A lot of the time I’m pretty taken with myself. I admit that. I know that. Many days, maybe most days, I can float on a river of “me-ness.” I’m in “me-land” much of the time.
It’s my concerns I’m thinking about; my needs, my wants, my worries, my hopes, my pleasures, my pains. Me Me Me Me Me Me Me. There’s a lot of me in my world.
I may be worse in this regard than most people. I don’t really know, but maybe. I certainly don’t think I’m better at getting away from me-land than most people.
Still, I do notice that most other people most of the time are wondering around in me-land.
It can be a comfortable place to be, even when I’m annoyed or unhappy about something. I’m the most important person in me-land. What I want is the most important thing. My thoughts are the ones I want to hear – and often the ones I want others to hear. My hurts, my pains are the ones that seem to most need attention.
How about you? Are you number one in your feelings and thoughts most of the time? Are you in Me-land much of the time?
There are some philosophers who think we can’t be anywhere else. Me-land is all there is. It’s the only place each of us can be. The only pain I can feel is my pain. The only pleasure I can feel is my pleasure. If I feel pain about something that’s happened to you, it’s because I’ve come to like you, and it causes me pain when something bad happens to you.
It’s always just my pain or my pleasure, these philosophers think. Empathy is just an illusion, they say. I don’t really “feel your pain.” I feel my pain, nothing more.
That’s their view. I want to say straight up, living here as I do in Me-land, I don’t agree with these philosophers, smart as they may be.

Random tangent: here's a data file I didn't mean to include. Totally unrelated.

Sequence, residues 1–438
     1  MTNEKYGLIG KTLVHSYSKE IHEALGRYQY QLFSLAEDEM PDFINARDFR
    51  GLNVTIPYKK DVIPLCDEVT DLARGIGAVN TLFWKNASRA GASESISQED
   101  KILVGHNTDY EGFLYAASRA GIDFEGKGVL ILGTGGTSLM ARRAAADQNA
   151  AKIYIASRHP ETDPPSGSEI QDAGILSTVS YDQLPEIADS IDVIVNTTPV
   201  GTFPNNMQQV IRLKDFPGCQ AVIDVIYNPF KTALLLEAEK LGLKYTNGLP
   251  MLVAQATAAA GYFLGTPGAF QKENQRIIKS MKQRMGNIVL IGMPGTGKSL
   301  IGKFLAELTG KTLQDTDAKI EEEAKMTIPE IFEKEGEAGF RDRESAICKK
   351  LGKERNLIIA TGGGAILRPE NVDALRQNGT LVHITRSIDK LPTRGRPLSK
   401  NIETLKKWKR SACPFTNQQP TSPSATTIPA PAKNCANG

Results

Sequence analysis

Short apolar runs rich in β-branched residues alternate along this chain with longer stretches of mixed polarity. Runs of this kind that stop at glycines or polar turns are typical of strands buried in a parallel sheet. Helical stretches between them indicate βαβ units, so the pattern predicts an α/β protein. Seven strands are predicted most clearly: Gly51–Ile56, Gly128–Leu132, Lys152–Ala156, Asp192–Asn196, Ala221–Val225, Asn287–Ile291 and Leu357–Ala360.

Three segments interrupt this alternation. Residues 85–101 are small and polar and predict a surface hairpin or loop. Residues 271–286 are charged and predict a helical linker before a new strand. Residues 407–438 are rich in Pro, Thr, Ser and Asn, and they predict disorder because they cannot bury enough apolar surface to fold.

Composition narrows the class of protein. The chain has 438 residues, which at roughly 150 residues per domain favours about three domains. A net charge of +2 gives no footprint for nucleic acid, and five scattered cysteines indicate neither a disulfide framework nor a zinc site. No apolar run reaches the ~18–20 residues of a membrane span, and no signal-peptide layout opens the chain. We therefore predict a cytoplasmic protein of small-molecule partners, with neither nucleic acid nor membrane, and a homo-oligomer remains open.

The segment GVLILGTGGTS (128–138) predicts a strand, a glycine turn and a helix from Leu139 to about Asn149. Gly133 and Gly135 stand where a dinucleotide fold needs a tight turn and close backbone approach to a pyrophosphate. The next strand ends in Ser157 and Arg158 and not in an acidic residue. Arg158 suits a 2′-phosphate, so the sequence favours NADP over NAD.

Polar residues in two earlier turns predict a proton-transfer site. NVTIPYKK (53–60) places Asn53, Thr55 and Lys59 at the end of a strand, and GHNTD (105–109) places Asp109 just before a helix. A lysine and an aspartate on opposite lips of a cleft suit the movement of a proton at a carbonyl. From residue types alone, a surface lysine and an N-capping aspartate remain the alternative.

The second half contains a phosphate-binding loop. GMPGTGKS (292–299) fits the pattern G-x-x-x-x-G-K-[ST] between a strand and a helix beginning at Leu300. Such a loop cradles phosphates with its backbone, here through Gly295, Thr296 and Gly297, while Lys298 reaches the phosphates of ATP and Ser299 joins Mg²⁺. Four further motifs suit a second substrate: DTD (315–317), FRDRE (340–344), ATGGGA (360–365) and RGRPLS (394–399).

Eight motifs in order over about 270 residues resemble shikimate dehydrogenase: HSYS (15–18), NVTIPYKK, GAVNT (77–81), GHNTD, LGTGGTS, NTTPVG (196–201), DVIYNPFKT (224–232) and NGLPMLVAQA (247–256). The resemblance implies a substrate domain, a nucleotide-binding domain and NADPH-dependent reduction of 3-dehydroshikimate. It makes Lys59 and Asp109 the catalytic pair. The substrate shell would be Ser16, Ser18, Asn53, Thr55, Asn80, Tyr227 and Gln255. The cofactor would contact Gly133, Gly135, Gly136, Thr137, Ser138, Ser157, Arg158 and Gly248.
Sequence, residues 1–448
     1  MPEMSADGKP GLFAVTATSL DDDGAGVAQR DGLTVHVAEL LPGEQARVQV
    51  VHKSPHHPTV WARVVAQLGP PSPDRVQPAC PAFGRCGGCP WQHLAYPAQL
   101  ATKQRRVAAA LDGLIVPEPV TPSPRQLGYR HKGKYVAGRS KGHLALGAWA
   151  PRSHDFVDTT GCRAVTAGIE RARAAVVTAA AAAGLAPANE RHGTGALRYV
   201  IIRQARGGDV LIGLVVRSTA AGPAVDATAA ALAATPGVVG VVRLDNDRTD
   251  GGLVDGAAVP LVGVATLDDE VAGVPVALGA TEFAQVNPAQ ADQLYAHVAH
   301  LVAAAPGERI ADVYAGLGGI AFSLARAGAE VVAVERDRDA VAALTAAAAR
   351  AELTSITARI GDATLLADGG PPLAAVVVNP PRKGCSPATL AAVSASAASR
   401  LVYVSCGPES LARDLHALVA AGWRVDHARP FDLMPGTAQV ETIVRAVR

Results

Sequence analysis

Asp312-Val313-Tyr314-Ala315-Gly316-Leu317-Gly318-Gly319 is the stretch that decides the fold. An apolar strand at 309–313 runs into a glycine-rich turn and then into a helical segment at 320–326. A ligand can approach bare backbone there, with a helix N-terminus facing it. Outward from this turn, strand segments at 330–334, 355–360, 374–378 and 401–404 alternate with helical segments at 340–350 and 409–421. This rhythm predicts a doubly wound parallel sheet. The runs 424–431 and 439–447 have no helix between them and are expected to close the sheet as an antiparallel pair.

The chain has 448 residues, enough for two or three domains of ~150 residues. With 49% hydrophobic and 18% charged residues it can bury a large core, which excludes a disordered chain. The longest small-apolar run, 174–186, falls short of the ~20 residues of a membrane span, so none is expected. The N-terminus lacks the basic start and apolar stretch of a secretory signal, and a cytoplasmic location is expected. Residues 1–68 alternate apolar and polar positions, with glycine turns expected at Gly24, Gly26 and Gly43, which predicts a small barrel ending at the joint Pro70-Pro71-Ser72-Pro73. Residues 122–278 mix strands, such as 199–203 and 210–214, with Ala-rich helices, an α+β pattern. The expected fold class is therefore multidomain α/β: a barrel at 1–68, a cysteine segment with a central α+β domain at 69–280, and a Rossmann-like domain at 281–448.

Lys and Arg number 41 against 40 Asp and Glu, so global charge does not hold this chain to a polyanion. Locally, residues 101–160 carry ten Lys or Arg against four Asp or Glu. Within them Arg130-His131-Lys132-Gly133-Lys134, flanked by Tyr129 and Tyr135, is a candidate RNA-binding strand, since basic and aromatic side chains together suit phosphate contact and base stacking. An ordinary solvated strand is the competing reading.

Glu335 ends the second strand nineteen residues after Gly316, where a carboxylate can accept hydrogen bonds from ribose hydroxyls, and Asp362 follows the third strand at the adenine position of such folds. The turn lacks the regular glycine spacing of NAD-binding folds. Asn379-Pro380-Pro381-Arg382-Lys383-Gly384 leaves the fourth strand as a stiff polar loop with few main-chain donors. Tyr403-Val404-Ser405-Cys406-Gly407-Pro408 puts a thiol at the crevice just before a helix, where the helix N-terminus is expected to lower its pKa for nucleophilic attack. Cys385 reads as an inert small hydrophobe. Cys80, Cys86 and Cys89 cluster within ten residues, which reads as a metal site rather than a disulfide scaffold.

I believe I can escape from Me-land – at least some of the time. I may find myself back in Me-land. I may never escape for very long or get very far away, but I do think I can escape. There is somewhere else that is not Me-land.
That’s really why the phrase “beyond me” struck my attention last weekend and why it has stayed there.
I hope at least a few of you remember an old TV show called “The Prisoner.” It was a British show that first aired in 1967 and 1968 and starred Patrick McGoohan. McGoohan was also the prime creative force behind the show. It was just 17 episodes.
Here’s a brief synopsis. After resigning from his job, a secret agent is abducted and taken to what looks like an idyllic Village but is really a bizarre prison. There he is known only as ‘Number 6’. Those in charge of the Village demand information. He gives them nothing, but only tries to escape.” In each episode, he does try to escape. He appears to be succeeding, but each time he winds up back in this isolated, lovely village. (“No man is a number,” the Prisoner used to say each episode.)
Do any of you remember this?
For me, this is something of an allegory of what Me-land is like. Me-land is pleasant, but I don’t want to be confined there. I think it’s important to escape. I try to escape all the time. Sometimes I think I succeed for a while. It can feel exciting, even liberating. However often I fail, I have to keep trying.
I don’t believe I’ll ever fully escape Me-land, but I think I’m better for getting out as often as I can. I know I’m going to wind up back in Me-land (in the Village), but I don’t give up trying to escape.
Where’s the door? Where’s the pathway out? Where’s the secret tunnel or hidden stairway? How do I get outside of Me-land? How does anyone?
Actually, I’ve come to think there may be many ways to escape. Some work better for some people; some work better for others. (Number 6 found a different way to try in each episode of The Prisoner.) If you want to escape and are willing to try, you have to find the way or the ways that work for you.
Here’s one way that works for me – one pathway: waiting worship.
In Meeting for Worship, I try to lay down all the Me-ness. I try to quiet the voices in my head that I know are “me” voices. I try to lay aside the voices that are talking about my wants, my needs, my hopes, my concerns, and see if I can hear another voice – let’s call it the voice of God.
Is it really God’s voice? (How do I know who or what God is? I don’t know. That’s ‘beyond me.’) All I know is that sometimes I can find another voice, and it’s not mine. It’s a voice ‘beyond me.’ It’s more than me.
Making friends with that voice is important to me. Making friends with that voice settles me, makes me more aware. Makes me (I think) a better person.
It’s a voice that connects me. It connects me to ‘whoever-that-voice-is’ (call it God or Spirit or Light). But it also connects me to other people. It helps me know them better – and in a way that’s less colored by “me-ness.”